America’s Walk of Shame

A long string of #vtpoli takes will follow later today. But first I’m invoking Blogger’s Privilege to turn my attention to the national results.

As of this writing, it looks like Joe Biden will eke out a narrow victory, unless Brett Kavanaugh and Amy Coney Barrett help Trump steal the thing. But even if Trump loses and vacates the White House, this has to be seen as a victory for Trumpism and a big blow to those hoping for a decisive win for Democrats.

I mean, look: The guy botched a pandemic. That alone should have killed his chances for another term. But the base stayed loyal, and gave Republican politicians no grounds for abandoning Trumpism even if they wanted to. The conservative media ecosystem will continue to crank out the toxicity. There are plenty of Trump true believers in high office. The Republicans seem on track to hold the Senate. Its leadership has engaged in 10 years of hard-core obstructionism, and they’ll limit Biden’s ability to do anything positive. (Forget about court reform or voting rights, just for starters.)

In fact, progress in a Biden Administration will be limited to restoring the institutional damage done to the executive branch under Trump, and doing whatever he can by executive order. And if any liberal Supreme Court justices were pondering retirement (lookin’ at you, Breyer), they’d best do it quick. As Senate Judiciary chair Lindsey Graham said after declaring victory last night, “Here’s the message I got: People like what I’m doing, and I’m going to keep doing it.” If a seat opens up anytime after the summer of 2022, the Senate’s gonna play a long game of keep-away and hope for a Republican victory in 2024. Hell, they’ve already proven they’re shameless.

After the jump: our long sad history.

As it happens, I’m in the middle of a long read: “The Republic For Which It Stands,” Richard White’s exhaustive chronicle of the United States between the Civil War and the end of the 19th Century. (Well, 1895 actually.) It’s a goddamn depressing read, but it sheds a lot of light on the Age of Trump. Which could be called a second Gilded Age, for all the resemblance it bears to the decades of soulless, spiritless Republican rule of the Muttonchop Era. (Remember that “The Gilded Age” was coined by Mark Twain out of sarcasm.)

Well, except that today’s Democrats are trying to do something positive. In the 19th Century, they were equally complicit in a time of stupendous corruption and overt racism. Our leaders turned their backs on the newly freed Southern Blacks, and pursued a ruthless policy of ethnic cleansing in the Great Plains and the West.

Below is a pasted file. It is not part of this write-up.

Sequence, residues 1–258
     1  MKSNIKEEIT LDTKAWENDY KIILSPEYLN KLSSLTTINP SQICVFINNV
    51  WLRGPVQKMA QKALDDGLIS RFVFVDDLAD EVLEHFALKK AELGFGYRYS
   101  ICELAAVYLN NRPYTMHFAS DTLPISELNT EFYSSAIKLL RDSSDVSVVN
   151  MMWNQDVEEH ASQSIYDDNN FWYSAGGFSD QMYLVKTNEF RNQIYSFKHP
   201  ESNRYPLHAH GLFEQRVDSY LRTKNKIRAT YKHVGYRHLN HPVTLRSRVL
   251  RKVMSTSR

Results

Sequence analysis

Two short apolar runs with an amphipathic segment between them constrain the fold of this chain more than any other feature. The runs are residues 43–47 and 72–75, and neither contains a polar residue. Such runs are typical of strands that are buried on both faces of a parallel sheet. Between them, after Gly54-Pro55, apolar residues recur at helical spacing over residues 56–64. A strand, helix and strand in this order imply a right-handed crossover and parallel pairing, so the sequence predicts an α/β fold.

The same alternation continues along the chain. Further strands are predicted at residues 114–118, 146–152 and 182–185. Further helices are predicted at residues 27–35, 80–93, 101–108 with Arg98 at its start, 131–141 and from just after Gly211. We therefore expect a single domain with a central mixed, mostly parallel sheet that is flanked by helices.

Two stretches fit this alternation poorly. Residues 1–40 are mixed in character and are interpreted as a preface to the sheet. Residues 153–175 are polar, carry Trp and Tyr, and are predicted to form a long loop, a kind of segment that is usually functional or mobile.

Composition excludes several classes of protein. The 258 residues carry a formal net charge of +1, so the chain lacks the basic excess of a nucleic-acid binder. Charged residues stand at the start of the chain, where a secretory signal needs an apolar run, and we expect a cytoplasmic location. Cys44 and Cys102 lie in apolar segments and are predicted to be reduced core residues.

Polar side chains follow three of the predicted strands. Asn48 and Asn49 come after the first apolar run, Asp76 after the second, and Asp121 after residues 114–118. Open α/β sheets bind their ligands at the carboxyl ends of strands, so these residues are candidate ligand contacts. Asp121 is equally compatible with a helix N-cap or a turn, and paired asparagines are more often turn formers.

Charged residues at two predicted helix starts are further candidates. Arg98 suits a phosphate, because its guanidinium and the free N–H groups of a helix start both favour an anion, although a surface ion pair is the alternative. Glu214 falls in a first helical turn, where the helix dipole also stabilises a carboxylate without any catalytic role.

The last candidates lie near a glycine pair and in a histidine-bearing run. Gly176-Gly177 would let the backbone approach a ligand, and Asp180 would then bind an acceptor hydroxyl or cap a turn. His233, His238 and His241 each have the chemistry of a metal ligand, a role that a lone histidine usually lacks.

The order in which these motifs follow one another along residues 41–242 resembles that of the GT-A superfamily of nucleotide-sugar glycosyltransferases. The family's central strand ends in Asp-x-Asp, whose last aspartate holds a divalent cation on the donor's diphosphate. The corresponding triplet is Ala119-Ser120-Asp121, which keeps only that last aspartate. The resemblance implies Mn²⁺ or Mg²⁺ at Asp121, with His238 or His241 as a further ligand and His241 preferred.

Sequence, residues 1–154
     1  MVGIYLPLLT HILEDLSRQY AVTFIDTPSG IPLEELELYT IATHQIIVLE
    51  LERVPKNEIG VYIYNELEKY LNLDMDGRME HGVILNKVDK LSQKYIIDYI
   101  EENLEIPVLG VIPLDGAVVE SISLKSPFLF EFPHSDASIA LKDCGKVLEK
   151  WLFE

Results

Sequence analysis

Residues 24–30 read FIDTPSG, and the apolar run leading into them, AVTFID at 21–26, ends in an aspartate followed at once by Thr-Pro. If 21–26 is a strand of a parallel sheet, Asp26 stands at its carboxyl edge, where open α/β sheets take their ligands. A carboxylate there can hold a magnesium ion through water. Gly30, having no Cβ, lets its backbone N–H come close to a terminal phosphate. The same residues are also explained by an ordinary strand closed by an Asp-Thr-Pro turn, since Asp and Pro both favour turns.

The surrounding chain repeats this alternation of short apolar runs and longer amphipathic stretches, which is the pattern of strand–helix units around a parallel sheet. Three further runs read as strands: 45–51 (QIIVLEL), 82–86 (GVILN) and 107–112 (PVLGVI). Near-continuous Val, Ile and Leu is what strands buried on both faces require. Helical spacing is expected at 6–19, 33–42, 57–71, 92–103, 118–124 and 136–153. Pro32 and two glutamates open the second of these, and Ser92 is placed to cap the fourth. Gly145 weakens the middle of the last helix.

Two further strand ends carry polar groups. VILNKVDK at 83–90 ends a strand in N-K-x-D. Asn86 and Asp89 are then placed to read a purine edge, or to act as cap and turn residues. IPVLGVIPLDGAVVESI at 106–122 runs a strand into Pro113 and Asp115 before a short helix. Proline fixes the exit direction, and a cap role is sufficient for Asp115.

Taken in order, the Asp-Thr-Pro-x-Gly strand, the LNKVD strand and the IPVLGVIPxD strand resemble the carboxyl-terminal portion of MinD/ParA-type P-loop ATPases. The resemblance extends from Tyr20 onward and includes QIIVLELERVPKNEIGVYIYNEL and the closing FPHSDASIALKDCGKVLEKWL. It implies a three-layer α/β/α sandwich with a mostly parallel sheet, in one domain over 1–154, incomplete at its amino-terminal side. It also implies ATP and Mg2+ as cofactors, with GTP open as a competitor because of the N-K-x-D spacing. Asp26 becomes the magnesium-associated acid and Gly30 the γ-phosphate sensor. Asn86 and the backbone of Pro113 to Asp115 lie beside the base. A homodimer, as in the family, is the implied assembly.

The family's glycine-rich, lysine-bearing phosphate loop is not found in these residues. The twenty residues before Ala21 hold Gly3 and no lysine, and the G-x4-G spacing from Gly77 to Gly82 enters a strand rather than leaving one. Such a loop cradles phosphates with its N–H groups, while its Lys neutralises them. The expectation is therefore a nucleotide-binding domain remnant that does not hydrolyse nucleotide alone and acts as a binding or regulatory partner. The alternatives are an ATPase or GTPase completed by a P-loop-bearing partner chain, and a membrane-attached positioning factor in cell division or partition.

But wait, there’s more! Republicans often fanned the flames of anti-Catholic sentiment as a way of preserving power. Immigrants from southern and central Europe were one step above people of color. Anti-Chinese racism dominated politics on the West Coast.

Frankly, it makes Trump look more like a continuation of American political tradition instead of an outlier. Let’s take it from the top, shall we?

America had a 150-year history of slavery and Native American displacement before it became a country. From the Declaration onward, our founding ideals have been, as Will Shakespeare put it, more honored in the breach than in the observance.

After the age of the Founders, we took a dark turn under Andrew Jackson, my nominee fro Most Racist President Ever (and the competition is quite stiff). We tried for decades to paper over the damage slavery was doing to our politics and our national character. The North won the Civil War, but the “freed” slaves were left to the tender mercies of the South’s white power structure for another 100 years. We tried to annihilate the Native Americans, and nearly succeeded. The early 20th Century brought the Eugenics movement and a fresh outburst of anti-immigrant fervor. The Thirties brought us FDR — but also the neo-Nazism of Charles Lindbergh, Father Coughlin and Huey Long. Our entry into World War II was far from a sure thing.

The Fifties, McCarthyism. The Sixties, a glimpse of sunlight shuttered by Richard Nixon.

I could write the same sad song about women’s rights, which didn’t exist until the 20th Century, didn’t exist beyond voting rights until the Sixties at the earliest, and are under active threat today.

There is a long, consistent undercurrent of racism, misogyny, and hatred of The Other running beneath our storied ideals, and it’s always ready to burst forth when given an opening. Donald Trump isn’t an exception, he’s just the latest in a long line of soulless men who gained political power by waving the bloody shirt.

I was hoping this election would provide a clean break with all this toxicity. I was wrong. And that’ll be true even if Joe Biden takes the White House. Yeah, not feeling too good this morning.

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